Extraction and analysis of β-carotene and xanthophyll: The procedure described by Kurilich et al. (1999) was followed for the analysis of β-carotene as well as xanthophyll. The 300-500 mg of sample was taken in a test tube and added to it 10 mL of ethanol containing 0.1 g of BHT. The test tube along with the sample was placed in a water bath at 700C for 15 min. After removing the tubes from the water bath, 180 μL of 80% KOH was added to each tube. The sample was vortexed and then saponified at 700C for 30 min. Saponification was essential for maximum extraction of carotene and their esters. The samples were placed directly on ice bath and 2.5 mL of de-ionized water and 2.5 mL hexane/toluene mixture (10:8). Then, the tubes were vortexed and then centrifuged at 2100 rpm for 5 min. The upper layer hexane/toluene fraction was then transferred to a separate test tube. The hexane/toluene extraction was repeated for two more times. The combined hexane/toluene fractions were dried using a Speed-vac concentrator. The residue was reconstituted in 200-400 μL THF. The solution was filtered on a 0.2 μ nylon filter and 20 μL of the filtered solution was injected in the Shimadzu high performance liquid chromatograph. The mobile phase consisted of acetonitrile:methanol:THF (52:40:8) (v/v/v) at a flow rate of 2.0 mL min-1. The absorbance was recorded at 450 nm for β-carotene and lutein. The retention time for the standard β-carotene was recorded as 6.192 min for xanthophyll at 2.350 min and for vitamin A at 4.400 min.

RESULTS AND DISCUSSION

In this study, we have observed that amongest three medicinal plants the range of β-carotene in leaves varied from 110.68-481.57 mg/100 g (Table 1) and xanthophyll in leaves varied from 124.58-678.61 mg/100 g (Table 2) at dry weight basis.

Table 1: β-carotene content in some important medicinal plants
Image for - Quantitative Evaluation of β-Carotene and Xanthophyll in Some Medicinal Plants from Kumaon Himalayas

Image for - Quantitative Evaluation of β-Carotene and Xanthophyll in Some Medicinal Plants from Kumaon Himalayas
Fig. 1: Standard peaks of β-carotene and xanthophyll

Table 2: Xanthophyll content in some important medicinal plants
Image for - Quantitative Evaluation of β-Carotene and Xanthophyll in Some Medicinal Plants from Kumaon Himalayas

In the leaves of M. azedarach, both β-carotene and xanthophyll content was much higher than the roots of the same plant. The maximum β-carotene was observed in A. dalhausiae and minimum in M. azedarach leaves. The maximum xanthophyll content was observed in O. fragrans and minimum in M. azedarach leaves.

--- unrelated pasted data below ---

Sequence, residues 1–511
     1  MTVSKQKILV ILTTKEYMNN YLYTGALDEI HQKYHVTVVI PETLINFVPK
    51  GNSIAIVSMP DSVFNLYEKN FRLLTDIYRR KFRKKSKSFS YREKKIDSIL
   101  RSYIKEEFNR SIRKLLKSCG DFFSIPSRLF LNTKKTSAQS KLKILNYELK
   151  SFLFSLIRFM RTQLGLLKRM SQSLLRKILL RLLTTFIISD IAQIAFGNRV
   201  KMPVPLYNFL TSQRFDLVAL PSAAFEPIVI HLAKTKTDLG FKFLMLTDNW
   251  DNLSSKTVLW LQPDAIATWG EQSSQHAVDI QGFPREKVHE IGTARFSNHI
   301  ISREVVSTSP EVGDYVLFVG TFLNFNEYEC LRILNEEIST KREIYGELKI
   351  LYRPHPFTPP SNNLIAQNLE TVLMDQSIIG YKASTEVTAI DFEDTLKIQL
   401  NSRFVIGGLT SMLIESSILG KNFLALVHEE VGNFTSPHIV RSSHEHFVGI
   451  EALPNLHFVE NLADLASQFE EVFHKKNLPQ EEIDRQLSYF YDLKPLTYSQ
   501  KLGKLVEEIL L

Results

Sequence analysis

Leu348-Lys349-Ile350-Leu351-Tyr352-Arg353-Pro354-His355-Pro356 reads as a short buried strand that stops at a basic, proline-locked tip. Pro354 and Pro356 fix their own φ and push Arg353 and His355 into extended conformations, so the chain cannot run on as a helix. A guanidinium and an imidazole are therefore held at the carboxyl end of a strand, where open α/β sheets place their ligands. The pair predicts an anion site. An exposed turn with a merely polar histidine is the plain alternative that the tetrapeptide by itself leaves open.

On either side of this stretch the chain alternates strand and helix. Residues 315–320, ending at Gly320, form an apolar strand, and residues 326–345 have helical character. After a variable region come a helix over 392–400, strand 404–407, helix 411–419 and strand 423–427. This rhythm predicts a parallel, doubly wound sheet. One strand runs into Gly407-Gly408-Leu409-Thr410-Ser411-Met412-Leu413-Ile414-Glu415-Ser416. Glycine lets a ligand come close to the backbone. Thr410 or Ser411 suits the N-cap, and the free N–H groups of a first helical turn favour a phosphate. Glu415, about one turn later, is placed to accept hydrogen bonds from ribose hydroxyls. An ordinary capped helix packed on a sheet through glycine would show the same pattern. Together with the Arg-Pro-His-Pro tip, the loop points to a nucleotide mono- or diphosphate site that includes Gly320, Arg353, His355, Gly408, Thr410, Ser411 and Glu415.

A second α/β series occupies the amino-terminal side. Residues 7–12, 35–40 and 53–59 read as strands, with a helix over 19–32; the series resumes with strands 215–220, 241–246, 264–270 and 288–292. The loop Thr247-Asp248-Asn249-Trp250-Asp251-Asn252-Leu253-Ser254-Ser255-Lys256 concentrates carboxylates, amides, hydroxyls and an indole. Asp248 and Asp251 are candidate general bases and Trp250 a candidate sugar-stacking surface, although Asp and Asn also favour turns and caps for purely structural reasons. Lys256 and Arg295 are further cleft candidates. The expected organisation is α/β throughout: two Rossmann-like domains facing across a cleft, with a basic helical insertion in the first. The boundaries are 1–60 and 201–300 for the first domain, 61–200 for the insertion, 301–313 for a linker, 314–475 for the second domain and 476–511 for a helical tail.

Khachik and Beecher (1987) have reported carotene 137.60-179.82 mg/100 g in carrots, 47.38-53.33 mg/100 g in sweet potatoes and 208.00-232.01 mg/100 g in pumpkin at dry weight basis. Plants of A. dalhausiae have more carotene level than carrot, sweet potatoes and pumpkin.

The chromatographic separation of β-carotene and xanthophyll standard is presented in Fig. 1. Typical chromatograms of β-carotene and xanthophyll extracted from medicinal plants are shown in Fig. 2. Standards of β-carotene and xanthophyll were purchased from sigma and each individual standard was accurately weighed, dissolved and diluted with ethanol to obtain concentration about 100 μg mL-1.

Identification of the β-carotene and xanthophyll was performed with reference to standard. The quantification of these carotenoids in samples were compared with known quantity of standard peak area.

Thus, the study concludes that M. azedarach, A. dalhausiae and O. fragrans are excellent sources of antioxidants especially β-carotene and xanthophyll. The distribution of carotenoids and their related geometrical isomers in common medicinal plants has important application for the health of Asian people in addition to the basic needs of developing countries.

The significance of xanthophyll and E/Z isomers is becoming increasingly evident in eye health and more specifically in relation to the prevention of AMD and other blinding disorders.

Image for - Quantitative Evaluation of β-Carotene and Xanthophyll in Some Medicinal Plants from Kumaon Himalayas
Fig. 2(a-d): Standard peaks of β-Carotene and xanthophyll extracted from (a) O. fragrans, (b) A. dalhousiae, (c) M. azedarach (leaves) and (d) M. azedarach (roots)

ACKNOWLEDGEMENT

Authors are thankful to Dr. J. Singh, Department of Biochemistry, I.I.V.R. (B.H.U.), Varanasi for Providing HPLC facilities for this study.